On the third time I went canvassing, at the age of just 13, I was sent to a complex of flats. These flats were mostly owned by people of Indian descent and I, as someone born in the UK but whose family originally came from Bangladesh, was confused as to why I was being sent there. At a meeting later that day, the senior figure who made me canvass that area, proudly declared how we had gone to an ‘Indian’ complex of flats and that I had performed very well in the role of connecting with this particular community. It was very clear from this speech that this was planned to use my race to win votes. I was embarrassed but, more so, confused at why he thought I was meant to be the one to do this, and why everyone else (who was white), including an approved PPC, all smiled and murmured a chorus of approval.

Not too long after the election, we bumped into another senior local party figure in our town centre with his family. As he walked away I heard him explain to his son I was the ‘new Indian boy’. This made me uncomfortable. My parents and I were born in this country. It was, in fact, my grandparents who came from Bangladesh (not even India). I should’ve put my foot down at the way I was made to feel, how I was tokenised and racially (mis)profiled. But I didn’t want to kick up a fuss as an individual.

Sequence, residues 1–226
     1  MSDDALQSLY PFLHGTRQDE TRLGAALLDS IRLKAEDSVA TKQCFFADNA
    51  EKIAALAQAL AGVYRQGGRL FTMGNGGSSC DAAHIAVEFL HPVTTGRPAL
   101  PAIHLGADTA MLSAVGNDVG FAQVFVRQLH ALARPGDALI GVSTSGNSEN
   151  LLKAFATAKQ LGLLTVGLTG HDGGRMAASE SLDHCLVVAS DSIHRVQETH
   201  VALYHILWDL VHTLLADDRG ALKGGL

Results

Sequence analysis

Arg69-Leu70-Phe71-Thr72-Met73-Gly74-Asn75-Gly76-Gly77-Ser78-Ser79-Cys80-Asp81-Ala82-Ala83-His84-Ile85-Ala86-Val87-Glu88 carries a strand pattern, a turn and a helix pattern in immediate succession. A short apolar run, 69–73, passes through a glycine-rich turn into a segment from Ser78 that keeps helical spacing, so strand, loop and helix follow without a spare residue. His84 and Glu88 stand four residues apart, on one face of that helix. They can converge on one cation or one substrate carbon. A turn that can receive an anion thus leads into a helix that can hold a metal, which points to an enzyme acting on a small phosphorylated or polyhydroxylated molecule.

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Winning the working class

Back in 2015, I wrote an article entitled ‘We Need More Blue Collar Liberals’ which generated a decent amount of comments and responses from some of the MPs I contacted notably Alistair Carmichael. However, nearly five years on my one-person campaign has seen no real progress. The party nationally appears to have stopped talking about people from lower socio-economic backgrounds when it talks about diversity. There is quite rightly plenty of talk about inclusion particularly in relation to the BAME community, the recent Thornhill report makes much of this but in an election review where Labour’s famed Red Wall collapsed not to us but the Tories the working class don’t get a mention. In many ways, mistakes that were made 100 years ago are being repeated as Liberals appear to fail to understand that success in progressive politics means reaching out to the majority of voters who academics classify these days in letters and numbers.

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Ditchley Lecture – Saturday, June 27th

Democracies can die. We’re witnessing authoritarian governments elsewhere in Europe undermining judicial independence, manipulating media, limiting parliamentary scrutiny of government actions and hobbling opposition activities. It couldn’t happen in Britain, could it? Are you sure?